(World No Tobacco Day is on 31 May 2014. This year’s theme is: Raise taxes on tobacco.)
Complete implementation of recommended tobacco control policies in China could lead to a reduction of over 40 percent in smoking and prevent almost 13 million tobacco related-deaths by 2050, according to a BMJ study.
These tobacco control policies, mandated by the World Health Organization (WHO) Framework Convention on Tobacco Control (FCTC), include: surveillance and monitoring of the prevalence of tobacco use, creation of smoke-free environments, treatment of tobacco dependence, taxation on tobacco consumption and other price controls, and enforcement of health warnings on tobacco packages and marketing bans.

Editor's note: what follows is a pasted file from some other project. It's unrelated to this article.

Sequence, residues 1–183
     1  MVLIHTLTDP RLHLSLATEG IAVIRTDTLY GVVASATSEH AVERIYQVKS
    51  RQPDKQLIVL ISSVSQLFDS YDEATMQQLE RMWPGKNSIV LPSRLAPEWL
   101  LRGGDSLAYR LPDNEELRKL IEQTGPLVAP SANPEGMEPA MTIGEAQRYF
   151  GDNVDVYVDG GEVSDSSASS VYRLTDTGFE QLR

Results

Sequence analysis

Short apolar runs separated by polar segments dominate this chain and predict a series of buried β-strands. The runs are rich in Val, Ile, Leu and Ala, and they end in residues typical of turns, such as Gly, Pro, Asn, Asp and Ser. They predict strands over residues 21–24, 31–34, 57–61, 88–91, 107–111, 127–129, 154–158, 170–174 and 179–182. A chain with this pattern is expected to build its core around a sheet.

The study projected that increasing the tobacco excise tax to 75 percent of the retail price would be the most effective measure, incrementally reducing smoking by 13 percent by 2050.
Comprehensive smoke-free air laws and a well enforced marketing ban also showed potent and immediate effects. Comprehensive smoke-free air laws were projected to yield an almost nine percent reduction in smoking rates by 2015, increasing to about a 10 percent reduction in 2050. A comprehensive marketing ban would reduce smoking rate by about four percent by 2050.
China is the most populous nation in the world, and with over 50 percent of Chinese men smoking, accounts for about a third of the world’s smokers.
1. Levy D, Rodriquez-Buño RL, Hu T-W, Moran AE. The potential effects of tobacco control in China: projections from the China SimSmoke simulation model. BMJ 2014; 348: g1134. (open access)